Whenever I mention that I’m taking an anti-psychotic to manage symptoms of mental illness, there’s always that person who has to give me a 10,000 word essay on the dangers of my medications and all the TOTALLY COMPARABLE, 100 per cent natural alternatives I should try.
When you are telling me about “natural” options, I can’t help but remember all the terrifying, very unnatural things that happened to me when I broke off from reality. I remember the physical injuries, the brushes with death, the terror that kept me up at night.
You see, my bipolar disorder has dissociative features — meaning that my grip on what’s real can be very, very tenuous when my disorder goes untreated.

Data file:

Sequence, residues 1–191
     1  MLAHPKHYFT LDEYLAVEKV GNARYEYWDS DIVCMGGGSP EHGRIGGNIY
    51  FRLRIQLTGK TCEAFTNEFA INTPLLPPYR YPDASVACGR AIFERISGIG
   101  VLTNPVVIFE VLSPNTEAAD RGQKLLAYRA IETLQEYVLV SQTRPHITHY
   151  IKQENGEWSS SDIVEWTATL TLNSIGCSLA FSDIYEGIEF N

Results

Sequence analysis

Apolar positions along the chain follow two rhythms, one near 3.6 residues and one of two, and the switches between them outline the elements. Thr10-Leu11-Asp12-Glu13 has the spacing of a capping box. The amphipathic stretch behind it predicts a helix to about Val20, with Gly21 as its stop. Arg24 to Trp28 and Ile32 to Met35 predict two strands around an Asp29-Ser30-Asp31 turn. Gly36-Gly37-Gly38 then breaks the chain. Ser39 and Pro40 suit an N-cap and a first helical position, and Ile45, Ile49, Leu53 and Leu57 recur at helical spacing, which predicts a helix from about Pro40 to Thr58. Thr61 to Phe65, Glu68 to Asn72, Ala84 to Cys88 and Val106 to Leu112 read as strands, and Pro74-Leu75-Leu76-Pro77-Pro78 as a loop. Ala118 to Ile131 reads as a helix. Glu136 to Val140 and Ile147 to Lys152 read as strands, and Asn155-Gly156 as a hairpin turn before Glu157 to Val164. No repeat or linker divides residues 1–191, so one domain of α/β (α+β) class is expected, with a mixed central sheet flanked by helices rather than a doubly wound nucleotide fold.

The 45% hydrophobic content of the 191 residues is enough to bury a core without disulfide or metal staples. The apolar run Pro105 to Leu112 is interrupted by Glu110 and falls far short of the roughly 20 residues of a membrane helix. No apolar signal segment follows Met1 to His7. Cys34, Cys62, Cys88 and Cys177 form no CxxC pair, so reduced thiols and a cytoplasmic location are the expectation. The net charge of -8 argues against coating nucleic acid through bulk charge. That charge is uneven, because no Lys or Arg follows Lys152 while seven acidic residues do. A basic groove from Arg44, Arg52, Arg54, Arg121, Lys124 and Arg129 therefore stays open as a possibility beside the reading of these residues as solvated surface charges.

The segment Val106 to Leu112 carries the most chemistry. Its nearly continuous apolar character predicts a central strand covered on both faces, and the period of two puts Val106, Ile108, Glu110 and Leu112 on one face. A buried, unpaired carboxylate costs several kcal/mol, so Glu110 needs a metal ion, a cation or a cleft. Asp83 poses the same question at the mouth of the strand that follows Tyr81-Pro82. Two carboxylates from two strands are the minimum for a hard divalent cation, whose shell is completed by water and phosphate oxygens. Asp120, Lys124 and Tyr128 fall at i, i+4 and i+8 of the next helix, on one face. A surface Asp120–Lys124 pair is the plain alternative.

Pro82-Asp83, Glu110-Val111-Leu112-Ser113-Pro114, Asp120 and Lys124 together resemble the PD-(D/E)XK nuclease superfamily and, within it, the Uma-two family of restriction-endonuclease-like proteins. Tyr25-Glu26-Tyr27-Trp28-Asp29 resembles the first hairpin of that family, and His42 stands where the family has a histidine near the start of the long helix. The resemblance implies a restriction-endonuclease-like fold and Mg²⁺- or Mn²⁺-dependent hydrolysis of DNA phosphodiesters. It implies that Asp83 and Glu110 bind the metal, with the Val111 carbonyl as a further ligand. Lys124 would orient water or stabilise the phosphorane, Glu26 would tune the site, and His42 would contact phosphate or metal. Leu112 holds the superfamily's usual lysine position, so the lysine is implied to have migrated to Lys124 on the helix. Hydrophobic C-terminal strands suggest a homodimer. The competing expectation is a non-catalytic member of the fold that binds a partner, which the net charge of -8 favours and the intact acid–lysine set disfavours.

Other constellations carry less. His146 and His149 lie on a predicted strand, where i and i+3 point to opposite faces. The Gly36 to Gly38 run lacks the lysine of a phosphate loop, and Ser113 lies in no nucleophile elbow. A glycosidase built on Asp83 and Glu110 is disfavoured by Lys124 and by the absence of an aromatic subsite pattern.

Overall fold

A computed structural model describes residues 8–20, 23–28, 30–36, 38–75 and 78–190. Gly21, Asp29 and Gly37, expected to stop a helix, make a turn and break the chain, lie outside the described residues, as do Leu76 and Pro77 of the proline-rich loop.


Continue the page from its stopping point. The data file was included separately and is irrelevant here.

So when you suggest meditation, I have to laugh. You’re presuming that my mind is a safe space to occupy in the first place. When you suggest deep breathing, you seem to forget that panic attacks don’t exactly allow for deep breaths.
To be clear: I’m not here to tell anyone what they should do in their particular circumstances. I am an advocate for choices. I am an advocate for people with mental illness or neurological differences being able to choose whatever regimen of care makes sense for them.
Watch: Mia Freedman on how she deals with her anxiety. (Post continues after video.)